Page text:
By The Nation
The National Economic and Social Development Council (NESDC) has been tasked with putting the team together with input from the Federation of Thai Industries (FTI) and the Thai Chamber of Commerce.
The team will also consider how Thailand can adjust its economy to cope with technological changes.
Somkid, after giving the guidance at a meeting with NESDC officials, said that Thailand had advanced five places, to 25th, in the IMD World Competitiveness ranking due to improved economic performance, government efficiency and infrastructure. But he added that the picture was not all rosy.
The Swiss-based International Institute for Management Development (IMD) grades 63 economies for their economic performance, government efficiency, business efficiency and infrastructure each year.
The challenge for Thailand is how to maintain its good position in the competitiveness score and increase this further, Somkid said.
Despite its improved ranking in economic performance and government efficiency, Thailand performed worse in business efficiency, particularly concerning productivity and efficiency, as well as on attitudes and values.
Thailand’s business efficiency ranking fell two places, to 25th, hampered by a decline in productivity and efficiency, from 40th to 43rd.
The attitudes and values of Southeast Asia’s second largest economy posted the biggest fall, to 26th from 17th. The country’s labour market also declined, to ninth from sixth place.
If these sub-factors continued to fare poorly in the rankings, Thailand is expected to perform lower in business efficiency in the future, the deputy prime minister said.
“The NESDC is an important agency that presents information and study results,” he said. “It must set up a team to discuss measures with the private sector, talking to the FTI and the country’s chamber of commerce in parallel with developing a workforce to match the targets for the country’s future development in regard to the quality of workers’ skills in order to promote industrial development and economic growth.”
Aside from the public sector, the private sector may have to drive the required investment, he said.
The country needs to pursue mega-investment projects as a means of gaining from the global economic recovery, he said. If Thailand has this infrastructure in place, the country will be able to accommodate private investment on the domestic front and from abroad.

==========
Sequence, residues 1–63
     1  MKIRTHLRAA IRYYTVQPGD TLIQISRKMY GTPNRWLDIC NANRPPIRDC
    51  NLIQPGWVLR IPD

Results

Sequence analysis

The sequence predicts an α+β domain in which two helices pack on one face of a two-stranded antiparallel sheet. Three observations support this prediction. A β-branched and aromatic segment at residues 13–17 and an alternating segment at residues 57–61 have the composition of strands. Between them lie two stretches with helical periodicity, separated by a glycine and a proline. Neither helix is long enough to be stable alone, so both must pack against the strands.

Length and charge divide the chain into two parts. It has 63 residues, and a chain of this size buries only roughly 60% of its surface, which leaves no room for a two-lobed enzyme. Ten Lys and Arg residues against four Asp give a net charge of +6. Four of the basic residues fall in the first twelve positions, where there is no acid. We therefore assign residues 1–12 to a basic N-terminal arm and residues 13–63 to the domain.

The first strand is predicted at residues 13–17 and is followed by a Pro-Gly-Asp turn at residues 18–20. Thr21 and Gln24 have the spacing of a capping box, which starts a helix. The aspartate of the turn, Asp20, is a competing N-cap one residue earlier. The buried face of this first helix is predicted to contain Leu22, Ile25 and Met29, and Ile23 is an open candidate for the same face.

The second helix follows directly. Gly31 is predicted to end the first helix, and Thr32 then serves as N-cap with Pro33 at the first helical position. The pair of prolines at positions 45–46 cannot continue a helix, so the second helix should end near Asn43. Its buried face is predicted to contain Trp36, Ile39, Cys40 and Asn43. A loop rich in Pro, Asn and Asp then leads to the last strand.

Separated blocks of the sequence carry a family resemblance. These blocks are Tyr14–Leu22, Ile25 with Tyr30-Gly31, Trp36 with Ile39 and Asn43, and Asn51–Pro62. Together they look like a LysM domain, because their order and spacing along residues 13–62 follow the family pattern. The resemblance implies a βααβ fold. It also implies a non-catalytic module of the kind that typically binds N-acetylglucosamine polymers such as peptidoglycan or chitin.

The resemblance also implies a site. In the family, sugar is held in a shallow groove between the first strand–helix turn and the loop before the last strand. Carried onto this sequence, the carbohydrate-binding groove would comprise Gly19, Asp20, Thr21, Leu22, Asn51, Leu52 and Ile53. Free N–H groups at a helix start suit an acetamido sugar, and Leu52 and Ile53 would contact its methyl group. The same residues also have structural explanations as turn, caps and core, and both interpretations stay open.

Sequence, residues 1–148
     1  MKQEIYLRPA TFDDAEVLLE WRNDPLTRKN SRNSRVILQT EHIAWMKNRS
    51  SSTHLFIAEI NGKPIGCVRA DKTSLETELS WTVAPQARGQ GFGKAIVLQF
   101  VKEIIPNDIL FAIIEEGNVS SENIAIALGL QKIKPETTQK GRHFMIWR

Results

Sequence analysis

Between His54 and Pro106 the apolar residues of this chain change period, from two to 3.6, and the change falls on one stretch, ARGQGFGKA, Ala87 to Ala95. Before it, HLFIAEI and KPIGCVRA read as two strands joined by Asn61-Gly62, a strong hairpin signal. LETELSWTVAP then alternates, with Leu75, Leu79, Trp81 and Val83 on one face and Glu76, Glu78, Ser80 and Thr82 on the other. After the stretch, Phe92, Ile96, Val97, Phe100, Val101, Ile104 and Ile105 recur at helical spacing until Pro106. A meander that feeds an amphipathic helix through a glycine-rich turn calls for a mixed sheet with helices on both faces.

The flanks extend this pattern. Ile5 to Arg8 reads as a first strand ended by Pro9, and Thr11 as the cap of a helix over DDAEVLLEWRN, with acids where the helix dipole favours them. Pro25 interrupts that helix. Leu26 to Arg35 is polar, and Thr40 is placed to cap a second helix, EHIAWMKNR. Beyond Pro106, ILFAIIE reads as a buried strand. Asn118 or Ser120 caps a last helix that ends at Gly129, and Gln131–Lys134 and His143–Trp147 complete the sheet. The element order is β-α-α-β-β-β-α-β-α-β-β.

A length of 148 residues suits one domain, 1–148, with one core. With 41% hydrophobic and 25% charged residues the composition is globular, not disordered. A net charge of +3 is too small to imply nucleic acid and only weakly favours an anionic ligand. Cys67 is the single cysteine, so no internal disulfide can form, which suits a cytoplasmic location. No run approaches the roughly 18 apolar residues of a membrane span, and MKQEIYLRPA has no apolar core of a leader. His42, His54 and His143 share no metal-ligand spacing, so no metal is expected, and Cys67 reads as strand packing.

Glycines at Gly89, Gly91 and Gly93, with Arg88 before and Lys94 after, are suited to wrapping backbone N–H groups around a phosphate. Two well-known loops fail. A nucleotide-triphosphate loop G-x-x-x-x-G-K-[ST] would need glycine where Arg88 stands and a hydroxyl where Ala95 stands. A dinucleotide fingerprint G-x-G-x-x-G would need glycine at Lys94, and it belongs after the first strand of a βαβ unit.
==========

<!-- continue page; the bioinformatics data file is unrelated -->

Somkid also urged the NESDC to set up a committee to screen project proposals for transparency and compliance with the national strategy and the targets set for the country’s development.
The Fiscal Policy Office (FPO) of the Finance Ministry yesterday said the economy is expected to recover in the second quarter of this year from the first quarter, thanks to an improved month-on-month performance for exports in April.
Pornchai Triraveja, economic and monetary adviser to the FPO and its spokesman, said the April export figure still marked a 2.6 per cent year-on-year contraction and the figure in the first four months of this year shrank 1.9 per cent.
Exports in the second half of this year are also forecast to improve from the first half. The FPO is awaiting the Ministry of Commerce’s export figures before the office makes its economic review in July. Exports are a key determinant of the country’s economic expansion.
The FPO projects that this year the economy will grow 3.8 per cent, with exports expanding 4 per cent.
“The export sector is the only risk to this year’s Thai economic growth. We must closely monitor it. Thai exports are impacted by the global economic slowdown and the prolonged trade war [between the United States and China],” Pornchai said.
He said that the 2020 budget disbursement would not encounter difficulties if the bill for budget for expenditure is delayed.
According to the FPO, the Thai Regional Economic Sentiment Index (RSI) in May indicated economic expansion in all regions of Thailand - led by a gain of 70.4 in the North, 69.7 in the East, and 69.4 in the Northeast.